|Mention 'Africa' and most travelers
conjure up images of wild animals and safaris. These activities have been
highly successful in East Africa - home to the great herds that inhabit
the Serengeti. But Africa is a huge continent, comprising 54 countries.
Wildlife can be found everywhere, but it is often shy and reclusive, requiring
patience to find it.
However, the true wealth of Africa
lies in its rich cultural diversity ... and nowhere is this more evident
than in West Africa where many diverse cultures exist side by side.
||Centuries-old values have survived
in the form of numerous traditional ceremonies. Imagine the majesty of
a full ceremonial procession of an Akan king, laden with ancestral gold
and accompanied by the full retinue of his royal court, dancers, drummers,
poets, linguists and warriors.
History comes alive in the walls
of ancient castles and forts from the colonial era when the tragic commerce
of slavery was an acceptable reality.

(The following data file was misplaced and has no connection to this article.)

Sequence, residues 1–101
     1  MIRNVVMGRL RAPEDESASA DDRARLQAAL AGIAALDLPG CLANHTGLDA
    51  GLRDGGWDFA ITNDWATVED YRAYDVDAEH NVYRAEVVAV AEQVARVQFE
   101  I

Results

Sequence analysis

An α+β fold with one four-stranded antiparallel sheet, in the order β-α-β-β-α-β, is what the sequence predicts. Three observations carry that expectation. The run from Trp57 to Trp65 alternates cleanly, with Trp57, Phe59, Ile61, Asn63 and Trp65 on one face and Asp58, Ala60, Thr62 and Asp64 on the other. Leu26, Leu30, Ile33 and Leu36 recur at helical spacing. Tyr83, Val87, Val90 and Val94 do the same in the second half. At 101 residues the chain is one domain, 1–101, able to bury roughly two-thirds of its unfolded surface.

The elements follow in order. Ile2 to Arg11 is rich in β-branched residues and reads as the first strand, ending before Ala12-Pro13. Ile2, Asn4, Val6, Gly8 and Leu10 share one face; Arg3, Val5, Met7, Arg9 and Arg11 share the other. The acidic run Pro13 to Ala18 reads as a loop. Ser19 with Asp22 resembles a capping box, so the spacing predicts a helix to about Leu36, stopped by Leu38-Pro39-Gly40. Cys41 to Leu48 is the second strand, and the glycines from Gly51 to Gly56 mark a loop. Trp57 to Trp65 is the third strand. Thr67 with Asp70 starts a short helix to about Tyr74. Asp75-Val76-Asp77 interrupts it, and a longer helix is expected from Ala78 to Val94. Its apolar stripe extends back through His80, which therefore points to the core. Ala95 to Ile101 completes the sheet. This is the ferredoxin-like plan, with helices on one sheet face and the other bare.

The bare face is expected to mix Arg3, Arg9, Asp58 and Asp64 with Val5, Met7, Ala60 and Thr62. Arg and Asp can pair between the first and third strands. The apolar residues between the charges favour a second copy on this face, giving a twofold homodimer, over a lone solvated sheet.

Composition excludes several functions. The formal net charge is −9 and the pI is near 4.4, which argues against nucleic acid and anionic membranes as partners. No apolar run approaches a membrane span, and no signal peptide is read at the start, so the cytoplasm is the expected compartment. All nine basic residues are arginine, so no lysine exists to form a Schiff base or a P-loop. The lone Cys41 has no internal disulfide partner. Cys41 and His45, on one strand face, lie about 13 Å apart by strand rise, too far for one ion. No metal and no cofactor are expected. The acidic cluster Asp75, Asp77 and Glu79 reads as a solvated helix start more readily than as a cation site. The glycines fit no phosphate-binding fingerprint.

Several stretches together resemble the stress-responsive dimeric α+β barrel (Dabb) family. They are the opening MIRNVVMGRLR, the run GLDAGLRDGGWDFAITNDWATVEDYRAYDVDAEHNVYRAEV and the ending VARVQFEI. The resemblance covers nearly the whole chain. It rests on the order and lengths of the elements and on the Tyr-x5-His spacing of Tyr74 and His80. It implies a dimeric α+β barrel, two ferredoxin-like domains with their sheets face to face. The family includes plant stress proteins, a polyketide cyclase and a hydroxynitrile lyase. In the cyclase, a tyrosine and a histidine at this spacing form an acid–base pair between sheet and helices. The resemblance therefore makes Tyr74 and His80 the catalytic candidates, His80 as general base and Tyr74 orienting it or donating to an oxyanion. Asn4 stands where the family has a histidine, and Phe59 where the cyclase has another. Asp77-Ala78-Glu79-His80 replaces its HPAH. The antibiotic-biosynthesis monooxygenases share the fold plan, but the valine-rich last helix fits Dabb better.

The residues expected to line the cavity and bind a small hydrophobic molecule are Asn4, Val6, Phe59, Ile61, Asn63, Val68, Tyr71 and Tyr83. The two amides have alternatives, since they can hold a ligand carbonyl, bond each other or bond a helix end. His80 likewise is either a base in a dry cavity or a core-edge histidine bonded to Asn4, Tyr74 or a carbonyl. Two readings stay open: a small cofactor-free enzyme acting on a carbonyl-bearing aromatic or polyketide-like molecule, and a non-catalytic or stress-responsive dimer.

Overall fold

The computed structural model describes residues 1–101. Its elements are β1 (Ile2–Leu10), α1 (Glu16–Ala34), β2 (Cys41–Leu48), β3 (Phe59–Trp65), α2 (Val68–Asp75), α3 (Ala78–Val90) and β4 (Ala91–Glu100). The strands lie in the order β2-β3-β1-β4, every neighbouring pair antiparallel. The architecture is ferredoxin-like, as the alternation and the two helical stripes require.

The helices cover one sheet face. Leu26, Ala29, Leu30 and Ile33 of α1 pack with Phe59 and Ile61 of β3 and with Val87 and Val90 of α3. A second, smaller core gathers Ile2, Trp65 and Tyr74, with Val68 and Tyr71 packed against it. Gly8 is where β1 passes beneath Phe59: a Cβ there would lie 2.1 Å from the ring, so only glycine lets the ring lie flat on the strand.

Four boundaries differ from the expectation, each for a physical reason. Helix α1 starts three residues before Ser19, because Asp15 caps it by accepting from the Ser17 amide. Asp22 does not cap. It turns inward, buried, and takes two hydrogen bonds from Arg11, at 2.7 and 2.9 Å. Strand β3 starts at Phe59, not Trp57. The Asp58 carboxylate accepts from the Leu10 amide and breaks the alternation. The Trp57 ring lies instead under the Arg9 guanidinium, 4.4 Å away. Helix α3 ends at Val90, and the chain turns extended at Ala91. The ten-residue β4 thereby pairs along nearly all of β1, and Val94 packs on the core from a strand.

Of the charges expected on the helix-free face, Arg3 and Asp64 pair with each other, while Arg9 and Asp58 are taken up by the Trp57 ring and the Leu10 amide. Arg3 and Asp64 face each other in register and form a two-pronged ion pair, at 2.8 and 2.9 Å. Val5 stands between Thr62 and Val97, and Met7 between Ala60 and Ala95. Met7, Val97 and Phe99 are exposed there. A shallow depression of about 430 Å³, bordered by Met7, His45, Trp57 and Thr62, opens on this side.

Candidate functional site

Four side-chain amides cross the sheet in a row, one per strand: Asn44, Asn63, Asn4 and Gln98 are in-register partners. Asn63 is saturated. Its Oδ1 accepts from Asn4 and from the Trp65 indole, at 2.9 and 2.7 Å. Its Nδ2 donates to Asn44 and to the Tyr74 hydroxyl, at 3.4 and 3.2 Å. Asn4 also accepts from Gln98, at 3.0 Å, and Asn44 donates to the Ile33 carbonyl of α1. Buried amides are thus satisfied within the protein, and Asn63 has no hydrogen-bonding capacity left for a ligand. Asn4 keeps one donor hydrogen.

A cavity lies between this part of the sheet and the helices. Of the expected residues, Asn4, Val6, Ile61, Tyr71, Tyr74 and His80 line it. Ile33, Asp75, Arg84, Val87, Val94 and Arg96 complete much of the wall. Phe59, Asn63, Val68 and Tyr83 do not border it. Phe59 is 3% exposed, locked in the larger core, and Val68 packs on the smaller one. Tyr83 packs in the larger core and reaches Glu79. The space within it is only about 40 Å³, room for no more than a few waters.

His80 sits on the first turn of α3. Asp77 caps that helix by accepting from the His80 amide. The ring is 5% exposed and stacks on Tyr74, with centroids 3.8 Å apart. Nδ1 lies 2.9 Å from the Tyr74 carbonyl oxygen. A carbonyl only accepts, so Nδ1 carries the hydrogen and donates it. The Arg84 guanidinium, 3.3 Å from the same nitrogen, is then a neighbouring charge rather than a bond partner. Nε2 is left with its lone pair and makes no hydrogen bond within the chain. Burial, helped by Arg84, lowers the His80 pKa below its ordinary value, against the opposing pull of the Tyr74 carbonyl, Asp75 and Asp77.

|Now more than ever, emerging nations
on this vast continent struggle to preserve their cultural heritage - but
they are also eager to share it with the rest of the world.
|Here too is the exotic world of
the tropical rain forest, home to bashful animals, colorful butterflies,
ancient trees, and a profusion of birds. It presents a challenge to the
wildlife photographer, demanding patience, stamina and persistence.
Photography provides a window
into this world, and increases awareness of the rapid destruction of habitat
and depletion of natural resources throughout the world. "Eco-Tourism"
encompasses more than the preservation of wildlife and habitat. It also
relates to the preservation of culture.
'African Rodeo' *
Stay on for 8 seconds and you win!
|Eco-Tourism programs in East Africa
generate a substantial amount of foreign revenue, but these highly successful
ventures have not been without a price. The volume of visitors has created
stress for the wildlife, and local ethnic groups have experienced cultural
erosion with very little economic benefit.
|We must ensure that future programs
learn from past mistakes; it is imperative they include the indigenous
population and that they derive direct income at the village level. Such
measures provide important incentives for preservation of these natural